As Mr. Mirijanian is the program director of the Wachusett Chess Club and is a certified by the United States Chess Federation as a tournament director and Mr. Laine is club champion, the co-hosting responsibilities fell to them. Both men have been involved in chess for many years. Mr. Mirijanian traces his interest in chess back to the 1950s; Mr. Laine, to the 1970s.

“At first we did programs about the game itself, such as what the pieces are, how they are moved, those types of things,” Mr. Mirijanian said. In those early productions, a camera was used overheard to shoot the game board. “And the overhead shot really didn’t work, because everything was flattened out; the pieces were indistinguishable,” Mr. Mirijanian said. A stationary camera was set up that shoots over the shoulder of Mr. Laine for a shot of the play on the board. That proved to work out well, as it provided definition to the pieces.

Other technical glitches were addressed, and as they produced more shows, the co-hosts said, they worked on refining the format of the show. “I think we’ve finally found the format that works for us,” Mr. Mirijanian said.

At the beginning of the half-hour show, a topic is introduced and there is a brief discussion. Following that, a match is replayed with commentary by Mr. Laine and Mr. Mirijanian. Mr. Mirijanian said he looks for games that are more tactical in nature. “Something that is in the range of 25 to 30 moves,” he said, “because we only have a half-hour show and time is very important.” Mr. Mirijanian said he has a “cheat sheet” next to him, while Mr. Laine commits the game to memory. As the moves are made on the board, a chess notation graphic is placed over the shot that describes the move. As the match progresses, each men add commentary about the moves.

Mr. Mirijanian said the show in its current incarnation would appeal to someone who has a basic knowledge of the game as well as “the rank amateur.” And it has nothing to do with age, he said, “because you could have someone who is young and who is very good at playing chess.”

Given the history of chess and the city of Fitchburg, it makes sense the program would be recorded at the FATV studios. “Chess and Fitchburg have a long history,” Mr. Mirijanian said. “There has always been a great deal of interest in the game in this area, and the Wachusett Chess Club remains a very strong club.” At one time, the club numbered more than 100. “There was a time when chess was really growing in interest in this country,” Mr. Mirijanian said. “And Fitchburg was one of the places to be, if you were a chess player.”

For example, on March 2, 1964, Bobby Fischer came to Fitchburg for a simultaneous exhibition — that is, he played several players in one setting — at the Unitarian Church on the Upper Common. “He played 55 matches, played white throughout, lost 5, won 48 and had a draw in two,” said Mr. Mirijanian. “It was quite something.”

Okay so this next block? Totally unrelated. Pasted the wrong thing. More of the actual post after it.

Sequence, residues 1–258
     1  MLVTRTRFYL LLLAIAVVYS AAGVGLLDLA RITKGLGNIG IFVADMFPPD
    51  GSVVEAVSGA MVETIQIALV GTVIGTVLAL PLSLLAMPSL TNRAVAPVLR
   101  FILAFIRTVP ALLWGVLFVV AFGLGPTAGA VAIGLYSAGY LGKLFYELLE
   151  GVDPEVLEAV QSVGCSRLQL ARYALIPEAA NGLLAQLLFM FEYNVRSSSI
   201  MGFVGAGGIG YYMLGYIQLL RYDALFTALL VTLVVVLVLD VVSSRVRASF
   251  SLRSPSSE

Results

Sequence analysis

The club today numbers approximately 20 active members. “Many are helping us out with the television production,” Mr. Mirijanian pointed out. The club meets Wednesday nights at the McKay School on the campus of Fitchburg State College. “We’ve found a great home at Fitchburg State College,” Mr. Mirijanian said. “They let us have plenty of room.” The club draws members from a wide geographical area, he said, “and from all walks of life, from retired professors, to teachers, to lawyers, to students. The ages of our members range from 13 on up.”

Mr. Mirijanian said there is a strong interest in chess among younger students. “But as they grow up, there are competing interests and they get pulled away from it, which is a shame, because chess can really add so much to a person’s life.”

Both men said they hoped there would be a resurgence in interest in chess in this country. “During the time of Bobby Fischer, many people were interested in chess because of Bobby Fischer; just the strength of his personality,” Mr. Mirijanian noted.

The eccentric Fischer (1943–2008) was an American-born chess grandmaster and the 11th world champion. He became famous as a child prodigy. In 1972, he became the only American to win the official World Chess Championship when he defeated Soviet grandmaster Boris Spassky. Because of the Cold War and the players’ countries of origin, the match drew intense international attention.

“This country does not have a tradition of chess such as they do in Europe or in the former Soviet Union, where everyone either grew up playing the game or watched others play the game. Then Bobby Fischer comes along. Bobby Fischer drew the spotlight to Bobby Fischer, but also the sport of chess,” Mr. Laine said. “And there was something about him, the way he played, the way he pursued the game that captivated this country and drew people to it.”

Perhaps “Chess Chat” will in some way contribute to a rekindling of that interest? “People ask me, “Where are you going with this program?’ ” Mr. Mirijanian said. “We’re on FATV, we’re on the Web, we’ve had requests from a few other access television stations to play the program. I would like to see interest in chess in this country grow. If ‘Chess Chat’ helps, well then, we’re very happy to have been a part of that.”